For decades, technology leaders have struggled to balance agility, reliability, and security, and the consequences of failure have never been greater. This book shows leaders how to create the cultural norms and the technical practices necessary to maximize organizational learning, increase employee satisfaction, and win in the marketplace.
More than ever, the effective management of technology is critical for business competitiveness. For decades, technology leaders have struggled to balance agility, reliability, and security. The consequences of failure have never been greater-whether it's the healthcare.gov debacle, the Target cardholder data breach, or missing the boat with Big Data in the cloud. And yet, high performers using DevOps principles, such as Google, Amazon, Facebook, Etsy, and Netflix, are routinely deploying code into production hundreds, or even thousands, of times per day, while providing world-class agility, reliability, and security. In contrast, most organizations struggle to do releases every nine months. By studying over 14,000 IT professionals worldwide, the authors have observed that high-performing organizations are 2.5 times more likely than their peers to exceed profitability, market share, and productivity goals. The DevOps Handbook shows leaders how to replicate these incredible outcomes, describing what is required from all parts of the technology organization. Product Management, Development, Test, IT Operations, and Information Security working together can create the cultural norms and the technical practices necessary to maximize organizational learning, increase employee satisfaction, and win in the marketplace.
Gene Kim is a multiple award-winning CTO, researcher, and author. He was founder and CTO of Tripwire for 13 years. He has written four books, including The Phoenix Project: A Novel About IT, DevOps, and Helping Your Business Win." He is passionate about IT operations, security and compliance, and how IT organizations successfully transform from "good to great." He lives in Portland, Oregon. Patrick Debois is an independent IT-consultant who is bridging the gap between projects and operations by using Agile techniques both in development, project management and system administration. JohnWillis has worked in the IT management industry for more than 30 years. He has authored six IBM Redbooks for IBM on enterprise systems management and was the founder and chief architect at Chain Bridge Systems. He lives in Atlanta, Georgia. JezHumble is Vice-President at Chef. He has worked with a variety of platforms and technologies, consulting for non-profits, telecoms, financial services, and online retail companies. His focus is on helping organizations deliver valuable, high-quality software frequently and reliably through implementing effective engineering practices. He lives in San Francisco, California. John Allspaw has worked in systems operations for over fourteen years in biotech, government and online media. He started out tuning parallel clusters running vehicle crash simulations for the U.S. government, and then moved on to the Internet in 1997. He built the backing infrastructures at Salon.com, InfoWorld.com, Friendster, and Flickr. He is now VP of Tech Operations at Etsy, and is the author of "The Art of Capacity Planning" and "Web Operations" published by O'Reilly.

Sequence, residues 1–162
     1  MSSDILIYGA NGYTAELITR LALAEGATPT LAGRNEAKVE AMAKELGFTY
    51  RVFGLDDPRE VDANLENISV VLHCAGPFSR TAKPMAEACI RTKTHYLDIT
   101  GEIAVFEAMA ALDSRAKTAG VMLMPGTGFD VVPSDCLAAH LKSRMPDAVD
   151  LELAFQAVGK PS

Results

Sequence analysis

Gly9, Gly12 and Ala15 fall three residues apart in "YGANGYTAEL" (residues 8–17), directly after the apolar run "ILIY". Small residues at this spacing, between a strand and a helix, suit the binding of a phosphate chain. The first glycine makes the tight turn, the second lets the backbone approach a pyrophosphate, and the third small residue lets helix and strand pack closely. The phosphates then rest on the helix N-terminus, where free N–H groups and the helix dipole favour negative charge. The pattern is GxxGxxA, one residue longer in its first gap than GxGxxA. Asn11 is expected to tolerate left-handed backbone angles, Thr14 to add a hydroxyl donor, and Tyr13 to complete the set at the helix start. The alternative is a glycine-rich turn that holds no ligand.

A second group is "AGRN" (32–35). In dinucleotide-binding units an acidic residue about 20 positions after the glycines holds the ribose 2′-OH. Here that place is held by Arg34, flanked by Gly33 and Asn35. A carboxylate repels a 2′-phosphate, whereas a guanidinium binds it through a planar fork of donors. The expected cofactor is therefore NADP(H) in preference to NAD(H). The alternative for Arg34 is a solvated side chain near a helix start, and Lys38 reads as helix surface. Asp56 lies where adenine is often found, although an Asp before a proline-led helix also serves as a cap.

Preface xi Foreword xix Imagine a World Where Dev and Ops Become DevOps: An Introduction to The DevOps Handbook xxi PART ITHE THREE WAYS 1 Part I Introduction 3 1 Agile, Continuous Delivery, and the Three Ways 7 2 The First Way: The Principles of Flow 15 3 The Second Way: The Principles of Feedback 27 4 The Third Way: The Principles of Continual Learning and Experimentation 37 PART IIWHERE TO START 47 Part II Introduction 49 5 Selecting Which Value Stream to Start With 51 6 Understanding the Work in Our Value Stream, Making it Visible, and Expanding it Across the Organization 61 7 How to Design Our Organization and Architecture with Conway's Law in Mind 77 8 How to Get Great Outcomes by Integrating Operations into the Daily Work of Development 95 PART IIITHE FIRST WAY:THE TECHNICAL PRACTICES OF FLOW 107 Part III Introduction 109 9 Create the Foundations of Our Deployment Pipeline 111 10 Enable Fast and Reliable Automated Testing 123 11 Enable and Practice Continuous Integration 143 12 Automate and Enable Low-Risk Releases 153 13 Architect for Low-Risk Releases 179 PART IVTHE SECOND WAY: THE TECHNICAL PRACTICES OF FEEDBACK 191 Part IV Introduction 193 14 Create Telemetry to Enable Seeing and Solving Problems 195 15 Analyze Telemetry to Better Anticipate Problems and Achieve Goals 215 16 Enable Feedback So Development and Operations Can Safely Deploy Code 227 17 Integrate Hypothesis-Driven Development and A/B Testing into Our Daily Work 241 18 Create Review and Coordination Processes to Increase Quality of Our Current Work 249 PART VTHE THIRD WAY: THE TECHNICAL PRACTICES OF CONTINUAL LEARNING AND EXPERIMENTATION 267 Part V Introduction 269 19 Enable and Inject Learning into Daily Work 271 20 Convert Local Discoveries into Global Improvements 287 21 Reserve Time to Create Organizational Learning and Improvement 299 PART VITHE TECHNICAL PRACTICES OF INTEGRATING INFORMATION SECURITY, CHANGE MANAGEMENT, AND COMPLIANCE 309 Part VI Introduction 311 22 Information Security as Everyone's Job, Every Day 313 23 Protecting the Deployment Pipeline, and Integrating into Change Management and Other Security and Compliance Controls 333 Conclusion to the DevOps Handbook: A Call to Action 347 ADDITIONAL MATERIAL 351 Appendices 353 Additional Resources 366 Endnotes 370 Index 409 Acknowledgments 435 Author Biographies 439
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